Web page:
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Economic Briefing Blog

Data Jobs Will Keep Adding Up

Simple arithmetic tells us that data jobs are good.  They pay well, have low unemployment rates, and are expanding across many industries. More complicated arithmetic projects a bright future of growth.  Over the decade ending 2022, employment in data occupations—in which data analysis and processing are central to the work performed—is projected to grow 14.5 percent, faster than the 10.4 percent projected growth of ("for") non-data jobs. Research first published in The Importance of Data Occupations in the U.S. Economy highlights that these jobs not only are multiplying, but that they pay more than $40 an hour on average.  Data workers also are very unlikely to be unemployed.   This blog examines projected future growth in this field, courtesy of the Bureau of Labor Statistics' 2012-2022 employment projections.

Second Natural Capital Business Roundtable Set for June 12th in Cleveland

First roundtable held in Houston on April 16th and hosted by the Center for Energy Studies at Rice  University's Baker Institute for Public Policy.On June 12th, a joint team from the National Oceanic and Atmospheric Administration (NOAA) and the Economics and Statistics Administration (ESA) will head to Cleveland, OH, for the second in a series of five Department of Commerce Natural Capital Business Roundtables. The information needs that businesses identify during the roundtables will shape the development of a Commerce Department website to help businesses improve their bottom lines by considering natural capital in planning and operations. Natural capital includes the air, water, soil, and living resources that provide a range of goods and services on which the global economy depends.

Recent Trends in Manufacturing

Since the Great Recession, manufacturing has experienced a period of growth. In our June 2014 report, Manufacturing Since the Great Recession, Ryan Noonan and I provided an overview of recent trends in manufacturing. This blog updates those facts.  What we find is that while manufacturing is still recovering, the rebound has slowed somewhat in recent months.

Digitally Deliverable Services Remain an Important Component of U.S. Trade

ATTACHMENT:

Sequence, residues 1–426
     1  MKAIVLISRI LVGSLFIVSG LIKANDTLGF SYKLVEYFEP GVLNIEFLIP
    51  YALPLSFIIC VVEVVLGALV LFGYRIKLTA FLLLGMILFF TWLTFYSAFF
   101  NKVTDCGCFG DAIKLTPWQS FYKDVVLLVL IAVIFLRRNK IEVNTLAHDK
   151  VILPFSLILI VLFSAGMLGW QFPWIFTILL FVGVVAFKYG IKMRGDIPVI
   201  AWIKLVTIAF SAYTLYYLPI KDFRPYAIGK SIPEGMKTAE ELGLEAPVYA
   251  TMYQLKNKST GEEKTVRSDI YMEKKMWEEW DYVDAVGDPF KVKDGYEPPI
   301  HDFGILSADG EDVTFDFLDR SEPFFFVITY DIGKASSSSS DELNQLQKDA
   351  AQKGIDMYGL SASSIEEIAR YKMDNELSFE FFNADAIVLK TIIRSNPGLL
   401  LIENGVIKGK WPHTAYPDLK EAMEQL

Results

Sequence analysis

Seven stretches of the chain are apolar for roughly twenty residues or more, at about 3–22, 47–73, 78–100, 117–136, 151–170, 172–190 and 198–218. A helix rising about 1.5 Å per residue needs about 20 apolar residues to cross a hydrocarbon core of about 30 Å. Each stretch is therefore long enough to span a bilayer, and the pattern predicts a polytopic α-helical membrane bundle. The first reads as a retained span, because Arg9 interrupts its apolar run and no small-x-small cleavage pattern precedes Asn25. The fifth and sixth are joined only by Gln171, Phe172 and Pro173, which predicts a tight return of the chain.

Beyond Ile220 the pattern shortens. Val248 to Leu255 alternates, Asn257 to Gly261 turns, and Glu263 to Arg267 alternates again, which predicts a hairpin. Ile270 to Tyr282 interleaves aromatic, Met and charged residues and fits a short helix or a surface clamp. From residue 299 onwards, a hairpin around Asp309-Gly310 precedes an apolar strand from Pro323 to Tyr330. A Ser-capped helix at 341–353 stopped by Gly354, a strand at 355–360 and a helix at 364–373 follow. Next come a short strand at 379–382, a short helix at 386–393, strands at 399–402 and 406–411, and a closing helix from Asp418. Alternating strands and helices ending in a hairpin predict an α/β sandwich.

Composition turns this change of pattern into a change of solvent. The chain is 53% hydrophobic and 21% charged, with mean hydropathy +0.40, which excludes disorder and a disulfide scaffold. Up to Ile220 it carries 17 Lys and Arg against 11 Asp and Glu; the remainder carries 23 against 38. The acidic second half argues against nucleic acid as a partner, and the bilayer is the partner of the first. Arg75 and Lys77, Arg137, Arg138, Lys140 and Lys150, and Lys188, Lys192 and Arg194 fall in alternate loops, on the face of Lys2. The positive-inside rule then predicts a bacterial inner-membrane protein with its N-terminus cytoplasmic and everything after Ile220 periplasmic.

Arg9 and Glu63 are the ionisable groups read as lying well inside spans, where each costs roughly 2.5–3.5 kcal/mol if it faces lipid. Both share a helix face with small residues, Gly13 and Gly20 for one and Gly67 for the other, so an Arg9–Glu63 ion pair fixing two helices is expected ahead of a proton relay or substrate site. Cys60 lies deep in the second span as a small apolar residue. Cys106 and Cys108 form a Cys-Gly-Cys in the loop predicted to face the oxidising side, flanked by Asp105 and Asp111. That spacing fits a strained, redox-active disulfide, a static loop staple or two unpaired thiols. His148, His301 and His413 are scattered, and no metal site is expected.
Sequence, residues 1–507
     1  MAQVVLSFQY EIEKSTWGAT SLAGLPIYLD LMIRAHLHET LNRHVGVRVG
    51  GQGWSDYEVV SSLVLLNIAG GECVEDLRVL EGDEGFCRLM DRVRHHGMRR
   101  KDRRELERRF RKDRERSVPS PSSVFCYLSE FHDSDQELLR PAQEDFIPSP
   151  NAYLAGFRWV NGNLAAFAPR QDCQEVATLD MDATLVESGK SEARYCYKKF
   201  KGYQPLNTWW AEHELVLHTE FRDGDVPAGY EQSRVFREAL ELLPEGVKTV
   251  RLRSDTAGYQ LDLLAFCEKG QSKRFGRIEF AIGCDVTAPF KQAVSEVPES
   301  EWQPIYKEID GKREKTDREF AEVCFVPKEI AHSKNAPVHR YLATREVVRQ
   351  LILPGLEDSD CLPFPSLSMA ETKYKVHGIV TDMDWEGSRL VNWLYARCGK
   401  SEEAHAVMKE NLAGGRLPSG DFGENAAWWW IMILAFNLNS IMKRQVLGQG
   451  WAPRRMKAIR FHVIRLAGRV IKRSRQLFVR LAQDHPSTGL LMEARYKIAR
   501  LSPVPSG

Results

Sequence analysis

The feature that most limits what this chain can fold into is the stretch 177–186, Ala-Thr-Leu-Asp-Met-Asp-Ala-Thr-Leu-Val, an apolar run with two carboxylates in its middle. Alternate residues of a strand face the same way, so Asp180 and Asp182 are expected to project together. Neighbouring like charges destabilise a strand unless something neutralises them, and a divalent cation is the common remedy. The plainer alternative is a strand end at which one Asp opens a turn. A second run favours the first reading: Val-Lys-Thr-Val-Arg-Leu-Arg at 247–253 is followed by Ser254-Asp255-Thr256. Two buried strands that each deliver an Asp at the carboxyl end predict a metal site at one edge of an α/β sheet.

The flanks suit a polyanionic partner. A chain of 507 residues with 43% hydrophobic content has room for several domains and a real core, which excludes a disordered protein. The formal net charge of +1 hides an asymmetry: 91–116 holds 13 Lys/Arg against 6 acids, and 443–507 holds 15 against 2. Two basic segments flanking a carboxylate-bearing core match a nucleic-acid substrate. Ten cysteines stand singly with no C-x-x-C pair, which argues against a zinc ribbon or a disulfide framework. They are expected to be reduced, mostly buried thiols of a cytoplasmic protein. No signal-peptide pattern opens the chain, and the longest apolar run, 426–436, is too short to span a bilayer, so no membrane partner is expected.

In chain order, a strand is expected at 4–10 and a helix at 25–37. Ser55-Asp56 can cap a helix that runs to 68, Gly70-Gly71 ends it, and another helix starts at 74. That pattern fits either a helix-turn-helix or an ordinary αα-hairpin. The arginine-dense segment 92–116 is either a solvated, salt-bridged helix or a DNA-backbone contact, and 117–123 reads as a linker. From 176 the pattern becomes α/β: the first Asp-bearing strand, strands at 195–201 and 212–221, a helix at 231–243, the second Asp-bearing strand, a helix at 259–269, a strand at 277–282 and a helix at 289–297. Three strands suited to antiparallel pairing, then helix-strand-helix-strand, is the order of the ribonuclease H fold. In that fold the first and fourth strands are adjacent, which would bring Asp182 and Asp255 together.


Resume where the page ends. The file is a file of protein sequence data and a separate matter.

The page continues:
Last year, DOC economist Jessica Nicholson and I wrote "Digital Economy and Cross-Border Trade: The Value of Digitally-Deliverable Services." In that report, we estimated the total value of U.S. trade in digitally-deliverable services—i.e., services that may be, but are not necessarily, delivered digitally. Since the publication of our report, we have received many requests to provide updated data on this valuable sector of our economy.

With a Low Unemployment Rate, Data Workers are High in Demand

Across the U.S. economy, data jobs are multiplying and the digits on their paychecks are attractive.  New numbers highlight another benefit to workers in this field—very low unemployment rates.  The unemployment rate for data jobs was just 3.1 percent in 2014, or half the national average.

Partly Voluntary, Partly Not – A Look at Part-Time Workers

Regularly working 35 or more hours—the Bureau of Labor Statistics' definition cutoff for "full-time"—is a typical criterion for considering a job to be "good." (Others include the pay and breadth of benefits.)  As the economic expansion continues to unfold, full-time employment is growing. In March 2015, 121 million people were working full-time, up from a low of 110.6 in December 2009, but still somewhat short of the pre-recession high of 121.9 in November 2007. For the 27.7 million workers who worked part-time hours as of March 2015, (i.e.

The New Spirit of Sustainable Business: Prosper by 'Doing Good' as Commerce Department Launches First of Five Natural Capital Business Round Tables

Nature provides several trillion dollars' worth of inputs and services vital to long-term business success – indeed, one study shows our global 'natural living infrastructure' produces $21-72 trillion in annual goods and services.  However, because clean water and air; fertile soil; buffers to floods, droughts, fires, and extreme weather are not traded or sold in the marketplace, their value has been largely unaccounted for in business decisions and market transactions. 

Reinvesting in America’s Supply Chain Innovation

Photo taken during a field trip to Itron, one of several companies we visited.It's springtime, and during this season of growth and renewal another important renaissance is underway: a remarkable resurgence in American manufacturing.  Powering this growth are the small- and medium-sized businesses that comprise the U.S. manufacturing supply chain. 

Data Snapshot: Which states are leading the way in manufacturing and which pay the most?

Just over one week ago, the U.S. Census Bureau's Economic Census staff released new manufacturing statistics for more than 350 manufacturing industries at the state and local level. California led the way with number of establishments (38,741) and employees (1.2 million) -- and was second only to Texas in the value of shipments from manufacturing establishments ($512.3 billion). 

Data Snapshot of the Week: Baby, It's Cold Outside

Figure 1. House Heating ChartWhat are the coldest locations in the United States, and what heating sources do residents in those chilly climes rely upon to warm up their homes?

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